Sewing Machines/Learn to Sew for Idiots

Updated on October 28, 2010
V.W. asks from Atlantic Beach, FL
7 answers

Hi ladies. I am new to sewing. In fact, I haven't even started. When I was a kid I learned to do some basic crocheting (granny squares, chain stitches) and I've done simple cross-stitch and needlepoint before. No fancy stitching like cruel (sp?) or knitting, but my grandma and my mom let me run some fabric through the sewing machine once or twice, lol. I can do a simple stitch by hand to mend a hole in a sock, or sew on achievement patches... that sort of thing. But I have no clue about actually sewing, with a machine, either with or without a pattern.

My daughter has asked for a sewing machine for Christmas. She is 9. And recently I have become interested in sewing a few items myself (the church needs some paraments and we aren't big enough that we have an altar guild with lots of "little old ladies" who sew everything from scratch). I don't know where to start. My mom lives 5 hours away... so it's rather difficult to have her teach me now. She'll grin to know that I am wanting to learn, but shake her head that I wasted the opportunities to learn from her years ago. :)

So, ladies. All of you experts in the field.... What sort of machine should I look for? For myself and/or for my daughter? Any particular models or brands to look for (or stay away from)? Specific features that would be helpful or really aren't worth bothering with? I'm open for whatever expertise you are willing to share...


Let me add:
We live in a small town. The nearest "JoAnn's" type place that would offer classes, etc is an hour's drive away.

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answers from Miami on

If you have a notions store in your area (a place where they sell fabric, crafts, etc.), then there are probably women who hold sewing classes. Alternatively, your local community education center probably has beginning sewing classes for cheap. If your middle school or high school has a home economics teacher (they might call it "Life Skills" these days), you might ask her (it's usually a woman) if she knows anyone who can give you the basics.

You can learn an awful lot by just reading the manual for the sewing machine. There are how-to books by the dozens or hundreds that can help, too. I learned to sew chiefly by reading books and attempting to sew from patterns. I had very little help from people, although I had a little bit. IIt's really not that hard to learn.

Good luck!




answers from Houston on

I would try to take a beginner sewing class if you can find one. That's what I did and it gave me the confidence to make some things on my own. I just made a skirt for my daughter for her to wear on her birthday and she loves it! I started lessons about a month ago. I got a Brother machine that has worked well for me. It has about 50-60 different stitches it can do, including some fancier ones that help to dress things up a bit and it does automatic button holes, which is great! I got mine from They have several to choose from on there and mine was a great price for me to start with something that was easy to use, but affordable. As I get better and start making other things, I may upgrade, but this is a great machine to start with and so far, I have made an apron, a skirt, some diaper/wipes cases for friends and small wallet/purse organizer for a friend. My next project is a tote bag. All great practice!

If you can at least get a beginner lesson, it will teach you the basics of how to use your machine and make something easy. I learned how to cut and make something from a pattern. These basic skills will help you when you go off on your own and try to make something without the teacher standing over your shoulder. I'm having a blast with it and I'm sure you will too! Have fun!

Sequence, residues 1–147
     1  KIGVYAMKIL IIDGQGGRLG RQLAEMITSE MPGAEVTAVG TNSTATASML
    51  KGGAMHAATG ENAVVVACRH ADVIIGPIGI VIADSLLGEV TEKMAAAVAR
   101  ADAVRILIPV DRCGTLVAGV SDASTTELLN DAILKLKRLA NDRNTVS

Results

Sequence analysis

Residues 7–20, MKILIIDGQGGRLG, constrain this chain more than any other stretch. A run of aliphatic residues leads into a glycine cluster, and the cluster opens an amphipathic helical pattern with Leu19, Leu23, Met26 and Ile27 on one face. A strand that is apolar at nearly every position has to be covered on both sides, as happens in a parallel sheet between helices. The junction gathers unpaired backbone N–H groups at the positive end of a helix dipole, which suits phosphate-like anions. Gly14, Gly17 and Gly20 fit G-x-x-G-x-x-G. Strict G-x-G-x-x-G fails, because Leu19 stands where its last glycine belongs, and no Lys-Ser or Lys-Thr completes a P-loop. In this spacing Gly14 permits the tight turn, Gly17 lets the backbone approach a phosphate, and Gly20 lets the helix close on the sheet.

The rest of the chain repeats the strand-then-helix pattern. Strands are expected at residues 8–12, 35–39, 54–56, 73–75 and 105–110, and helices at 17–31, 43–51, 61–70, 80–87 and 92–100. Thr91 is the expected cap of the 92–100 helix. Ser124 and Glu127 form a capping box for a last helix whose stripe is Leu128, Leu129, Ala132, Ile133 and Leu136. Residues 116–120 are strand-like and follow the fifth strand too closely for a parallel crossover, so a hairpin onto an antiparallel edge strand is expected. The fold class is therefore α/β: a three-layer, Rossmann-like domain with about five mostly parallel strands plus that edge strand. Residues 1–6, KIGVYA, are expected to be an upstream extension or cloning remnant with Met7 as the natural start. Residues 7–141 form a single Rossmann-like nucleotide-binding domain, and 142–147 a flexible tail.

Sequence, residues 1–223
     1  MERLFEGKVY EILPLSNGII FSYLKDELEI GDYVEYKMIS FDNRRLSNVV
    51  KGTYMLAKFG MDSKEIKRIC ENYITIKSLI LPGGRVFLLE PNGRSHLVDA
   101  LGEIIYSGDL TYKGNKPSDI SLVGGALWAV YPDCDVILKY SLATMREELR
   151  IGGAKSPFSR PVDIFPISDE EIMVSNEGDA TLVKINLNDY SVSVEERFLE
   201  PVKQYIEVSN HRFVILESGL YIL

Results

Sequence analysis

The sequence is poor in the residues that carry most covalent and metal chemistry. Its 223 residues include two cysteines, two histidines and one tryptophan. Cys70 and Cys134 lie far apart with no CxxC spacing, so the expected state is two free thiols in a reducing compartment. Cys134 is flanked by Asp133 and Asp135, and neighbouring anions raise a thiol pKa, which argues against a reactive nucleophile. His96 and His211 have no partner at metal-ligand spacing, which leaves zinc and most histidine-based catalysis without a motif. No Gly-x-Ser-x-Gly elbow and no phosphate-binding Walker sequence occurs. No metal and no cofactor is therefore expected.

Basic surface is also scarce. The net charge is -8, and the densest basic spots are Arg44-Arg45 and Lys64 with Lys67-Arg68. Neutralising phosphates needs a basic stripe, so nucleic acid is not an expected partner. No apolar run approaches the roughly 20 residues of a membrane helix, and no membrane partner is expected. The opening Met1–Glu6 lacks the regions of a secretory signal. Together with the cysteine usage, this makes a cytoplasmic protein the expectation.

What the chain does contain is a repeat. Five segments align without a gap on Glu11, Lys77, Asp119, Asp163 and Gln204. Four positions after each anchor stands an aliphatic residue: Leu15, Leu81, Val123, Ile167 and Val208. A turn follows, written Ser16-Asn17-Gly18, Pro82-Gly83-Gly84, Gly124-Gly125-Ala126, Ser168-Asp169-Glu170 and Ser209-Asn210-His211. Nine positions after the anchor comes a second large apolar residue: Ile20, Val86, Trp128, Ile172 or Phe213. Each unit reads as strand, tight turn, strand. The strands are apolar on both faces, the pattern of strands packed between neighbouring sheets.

answers from Dallas on

My daughter got a sewing machine last year. We bought a Babylock ($400). It does a LOT.

One reason we chose this model is because it is the model used in the schools here. That said, it has to be reliable and hold up with students using them daily.

Classes are held weekly from beginner to advanced at the store where we purchased her machine. She got 3 lessons for free when we made the purchase.

Good luck



answers from Norfolk on

Hi! I know that near where I live in VA, there is a sewing shop that offers classes. One is a beginners sewing class. You could sign up for something like that and see what machines they have. They could probably talk to you about sewing machines as well. Maybe you could take the class with your daughter. The store near me will answer sewing machine-related questions if people are having trouble, so I assume they know something about the different sewing machines.



answers from Dallas on

I am not so much an "expert" but I am a competent sewer. I bought myself a sewing machine 2 years ago and very much like the one I decided on! I read a lot about good "beginner" machines, that still offered nice features. I found it very easy to use and figure out on my own. It has held up wonderfully and I now make many things. I have made quilts,legwarmers, appliques, burp clothes, crib bumpers, bibs, etc. It has been a great machine for me and is very affordable. If I remember right, it's in the $80-$100 range.



answers from Boise on

I think that Costco has one right now (and a coupon for it) that was reasonably priced that might be good for beginners. Don't go for all the bells and whistles, you will never use them. If this is for your daughter, make sure it sews straight, has easy access to the bobbin and needle threading, and take a class. Are there any small fabric stores around? They may have something, or know someone that would be willing to show you the basics.

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